In 2017, the Filecoin raise had this same effect on the crypto market. Though Filecoin itself is still a work-in-progress, the sale was a massive success, raising a record high $257 million, with top tier VCs participating. More importantly, the SAFT template that Filecoin had pioneered was used by many subsequent projects, culminating in mega-raises like Telegram and EOS.
IEOs, as currently structured are unlikely to be similarly impactful. The ‘top projects’ are unlikely to use IEOs, as they’ll raise capital on their own. While IEOs are highly structured and capped offerings focused on generating returns for their investors, a project’s incentive is to raise as much money at the highest valuation they can get.
Though they’ve achieved success at a small scale, it’s unclear whether IEOs can generate the momentum and hype at a large enough scale to really matter. If the projects have sustained momentum beyond a short term flip, this will amplify IEO’s importance and impact. Bittorrent token could turn out to be a transformative and highly used thing, but it seems unlikely for now.
In summary, IEOs are an interesting new phenomenon, but are not anything revolutionary. They mainly replicate structures that have been used in capital markets over the last few decades. While they may have given some momentum to the market, they’re unlikely to be as impactful the way ICOs were.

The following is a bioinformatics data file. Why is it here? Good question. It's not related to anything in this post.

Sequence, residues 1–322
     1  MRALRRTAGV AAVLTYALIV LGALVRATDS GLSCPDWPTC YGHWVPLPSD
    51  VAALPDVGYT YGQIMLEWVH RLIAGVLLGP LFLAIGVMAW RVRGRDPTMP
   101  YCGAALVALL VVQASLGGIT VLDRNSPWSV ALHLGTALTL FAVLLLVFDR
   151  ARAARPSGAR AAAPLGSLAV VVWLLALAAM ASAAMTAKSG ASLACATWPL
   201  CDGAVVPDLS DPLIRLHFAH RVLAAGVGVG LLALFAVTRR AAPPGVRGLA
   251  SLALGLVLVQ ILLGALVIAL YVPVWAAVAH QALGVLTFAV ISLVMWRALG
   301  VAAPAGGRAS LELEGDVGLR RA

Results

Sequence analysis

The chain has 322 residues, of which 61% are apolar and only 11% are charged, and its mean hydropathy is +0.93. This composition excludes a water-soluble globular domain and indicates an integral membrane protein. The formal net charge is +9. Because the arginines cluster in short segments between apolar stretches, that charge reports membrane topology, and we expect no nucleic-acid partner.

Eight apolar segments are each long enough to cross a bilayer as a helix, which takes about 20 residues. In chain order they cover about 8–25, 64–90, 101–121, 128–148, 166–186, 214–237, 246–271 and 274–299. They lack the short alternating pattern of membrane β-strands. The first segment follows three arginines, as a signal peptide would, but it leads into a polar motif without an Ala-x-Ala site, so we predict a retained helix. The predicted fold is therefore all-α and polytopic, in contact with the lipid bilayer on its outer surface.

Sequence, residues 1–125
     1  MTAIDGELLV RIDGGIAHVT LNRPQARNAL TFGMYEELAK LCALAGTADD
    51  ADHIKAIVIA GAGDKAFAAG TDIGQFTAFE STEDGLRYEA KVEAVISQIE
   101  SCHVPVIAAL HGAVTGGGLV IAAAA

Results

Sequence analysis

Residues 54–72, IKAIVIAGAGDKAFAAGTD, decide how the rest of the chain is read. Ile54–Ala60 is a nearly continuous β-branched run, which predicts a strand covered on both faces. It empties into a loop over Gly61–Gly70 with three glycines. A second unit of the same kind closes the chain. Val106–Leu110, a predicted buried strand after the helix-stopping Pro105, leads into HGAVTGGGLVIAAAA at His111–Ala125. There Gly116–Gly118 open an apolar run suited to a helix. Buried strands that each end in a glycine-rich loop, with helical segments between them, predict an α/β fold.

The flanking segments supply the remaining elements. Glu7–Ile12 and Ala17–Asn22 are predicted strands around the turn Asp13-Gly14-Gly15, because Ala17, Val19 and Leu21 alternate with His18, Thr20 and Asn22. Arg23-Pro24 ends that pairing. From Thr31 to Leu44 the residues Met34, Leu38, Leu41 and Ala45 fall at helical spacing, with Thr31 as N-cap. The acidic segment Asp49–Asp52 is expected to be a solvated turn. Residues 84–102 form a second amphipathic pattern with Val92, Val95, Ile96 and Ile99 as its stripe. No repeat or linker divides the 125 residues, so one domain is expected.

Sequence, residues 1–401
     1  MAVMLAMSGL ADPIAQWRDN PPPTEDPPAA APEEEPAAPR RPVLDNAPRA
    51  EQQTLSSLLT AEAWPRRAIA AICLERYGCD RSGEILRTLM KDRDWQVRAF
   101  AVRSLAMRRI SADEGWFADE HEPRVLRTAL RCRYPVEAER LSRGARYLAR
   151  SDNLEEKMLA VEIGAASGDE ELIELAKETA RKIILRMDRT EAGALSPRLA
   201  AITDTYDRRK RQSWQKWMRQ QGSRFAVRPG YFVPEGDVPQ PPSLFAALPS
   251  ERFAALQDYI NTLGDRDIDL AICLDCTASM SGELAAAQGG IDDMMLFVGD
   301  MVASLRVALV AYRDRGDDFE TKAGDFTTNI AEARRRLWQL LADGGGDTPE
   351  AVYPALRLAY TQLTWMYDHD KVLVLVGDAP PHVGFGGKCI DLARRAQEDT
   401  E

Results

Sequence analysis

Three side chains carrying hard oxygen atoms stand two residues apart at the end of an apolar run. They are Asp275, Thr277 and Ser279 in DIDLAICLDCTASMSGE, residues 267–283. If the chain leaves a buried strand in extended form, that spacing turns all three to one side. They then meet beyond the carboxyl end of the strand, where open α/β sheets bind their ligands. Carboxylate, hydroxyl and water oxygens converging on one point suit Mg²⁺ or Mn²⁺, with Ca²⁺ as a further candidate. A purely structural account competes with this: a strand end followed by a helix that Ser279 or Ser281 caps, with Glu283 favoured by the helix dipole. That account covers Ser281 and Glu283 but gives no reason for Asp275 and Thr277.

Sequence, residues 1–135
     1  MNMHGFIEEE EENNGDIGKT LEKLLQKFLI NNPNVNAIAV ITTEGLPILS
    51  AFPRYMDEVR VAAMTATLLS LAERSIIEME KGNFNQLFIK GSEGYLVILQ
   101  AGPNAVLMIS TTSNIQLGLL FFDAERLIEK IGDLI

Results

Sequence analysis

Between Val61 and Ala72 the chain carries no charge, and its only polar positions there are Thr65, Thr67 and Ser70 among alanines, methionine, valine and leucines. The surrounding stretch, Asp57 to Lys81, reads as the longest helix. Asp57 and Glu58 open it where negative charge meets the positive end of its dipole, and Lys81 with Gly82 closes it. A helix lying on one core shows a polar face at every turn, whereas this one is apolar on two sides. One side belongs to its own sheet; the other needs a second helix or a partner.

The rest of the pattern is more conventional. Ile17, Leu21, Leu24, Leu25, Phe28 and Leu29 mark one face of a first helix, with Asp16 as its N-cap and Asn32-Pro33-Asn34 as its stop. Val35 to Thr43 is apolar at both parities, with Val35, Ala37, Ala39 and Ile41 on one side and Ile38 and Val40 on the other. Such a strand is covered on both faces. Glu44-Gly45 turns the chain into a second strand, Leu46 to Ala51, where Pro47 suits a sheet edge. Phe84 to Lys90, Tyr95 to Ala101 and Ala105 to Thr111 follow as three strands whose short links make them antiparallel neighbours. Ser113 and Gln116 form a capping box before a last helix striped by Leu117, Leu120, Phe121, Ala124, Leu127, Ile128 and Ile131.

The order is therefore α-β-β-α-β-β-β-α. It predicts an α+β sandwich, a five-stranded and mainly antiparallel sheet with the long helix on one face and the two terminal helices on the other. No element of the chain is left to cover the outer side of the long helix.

The most notable part of IEOs is how they impact exchange token mechanics. The lottery mechanism increases demand and lowers turnover of the coin, potentially having a similar effect as ICOs did on ETH’s price in 2017. The individual offerings are probably red herrings compared to the larger intended effect of generating hype and price appreciation on the exchange token.
A simple mental model one can use is that exchanges like Binance are trying to create a lottery with the highest possible expected value, with a limited supply of lottery tickets (BNB). This E(V) is created through a track record of small, successful sales generating returns, which is why you see the highly structured, supported sales that have happened thus far. A higher E(V) for the lottery will result in price appreciation for the lottery ticket.
IEOs are an exciting new fundraising mechanism and have attracted lots of attention, but will probably remain focused on niche projects for now. Additionally, the main point of the IEO model is not the underlying merits of any individual project, but the financial engineering they enable with exchange tokens. By wrapping these functions together, IEOs can increase demand and utility for the exchange token, which could affect price in a drastic manner. The crypto space has no shortage of financial engineering, and IEOs are a perfect case study.